My Argentine anfitrióna, Raca, doesn’t eat dinner. Instead, dinnertime in Buenos Aires consists of me eating and Raca watching me eat, both of us chatting while doing so. This was slightly awkward at first, but now I genuinely look forward to the meal, since I know that it is easily one of the best ways to practice speaking and listening to Castellano (the form of Spanish they speak here).
I’m actually quite proud of the level of conversation I’ve been able to maintain with my host mother. For instance—unless you’ve been off in some remote area for the past few weeks and didn’t hear the news—the world has a new Pope, and (spoiler alert) he’s Argentinean. Obviously, Cardinal Bergoglio (aka Pope Francis) is the talk of the town here in Buenos Aires, which carried over to our daily dinner chat few nights ago. The conversation eventually veered away from the pope and moved towards religion in general, a quite theoretical, philosophical, and certainly subjective subject. Talking about religion in English is difficult enough, but I must say that I left the table feeling rather pleased with my success at sharing my views and opinions in another language.
Consequently, while the question of a superior being looking down on us is a matter of personal preference, I must say that if there was a higher power watching over me at a boliche called Kika on Tuesday night, he/she/it must have been looking elsewhere for a few seconds when my digital camera was stolen out of my pocket.
This was easily the most lamentable instance I’ve had in Argentina thus far, but other than having to overcome the initial misery of being robbed, the general sentiment of feeling like a targeted tourist, and the inconvenience of having to purchase another camera, I realized the situation is more of a hassle than anything else. In fact, while walking home from school the very next day, I popped into a Disco (supermarket chain), where I FINALLY (and I mean finally) found peanut butter. I had been looking for this coveted American nutritional staple literally since the day I arrived in Argentina, and the timing of the discovery was particularly impeccable. While my camera was lost to the Argentinean nightlife, the supplement to my number one American food craving was found.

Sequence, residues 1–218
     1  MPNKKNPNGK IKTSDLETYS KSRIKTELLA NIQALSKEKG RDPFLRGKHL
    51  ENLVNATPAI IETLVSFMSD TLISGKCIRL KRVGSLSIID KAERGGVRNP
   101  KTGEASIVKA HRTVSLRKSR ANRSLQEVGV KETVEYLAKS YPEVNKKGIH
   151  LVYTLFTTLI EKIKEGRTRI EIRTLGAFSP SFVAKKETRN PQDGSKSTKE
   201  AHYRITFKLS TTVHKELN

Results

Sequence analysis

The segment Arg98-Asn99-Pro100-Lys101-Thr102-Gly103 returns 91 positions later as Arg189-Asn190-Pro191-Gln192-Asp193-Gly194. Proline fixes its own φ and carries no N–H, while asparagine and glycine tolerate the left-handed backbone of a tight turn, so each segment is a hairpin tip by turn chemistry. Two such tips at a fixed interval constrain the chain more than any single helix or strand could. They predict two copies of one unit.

Discovering peanut butter in a supermarket is not a particularly life-altering feat, but it could not have happened at a better moment for me. The first smooth, creamy spoonful served as a reminder to take things one day at a time, which I think is especially relevant while studying abroad. Sure, my camera is gone, but in the scheme of everything that’s happened to me in Argentina throughout these past three weeks, it’s just a minor glitch. There are countless experiences awaiting me, and for every negative one there are endless positive moments that I know will override the unfavorable instances. Already since the incident I’ve gone on a graffiti bike tour around the city, searched for empanadas at six am after a night out, and went to the house party of an Argentinean who I befriended at a bar. I may be camera-less, but that’s not stopping me from capturing a glimpse of what living in Buenos Aires is all about.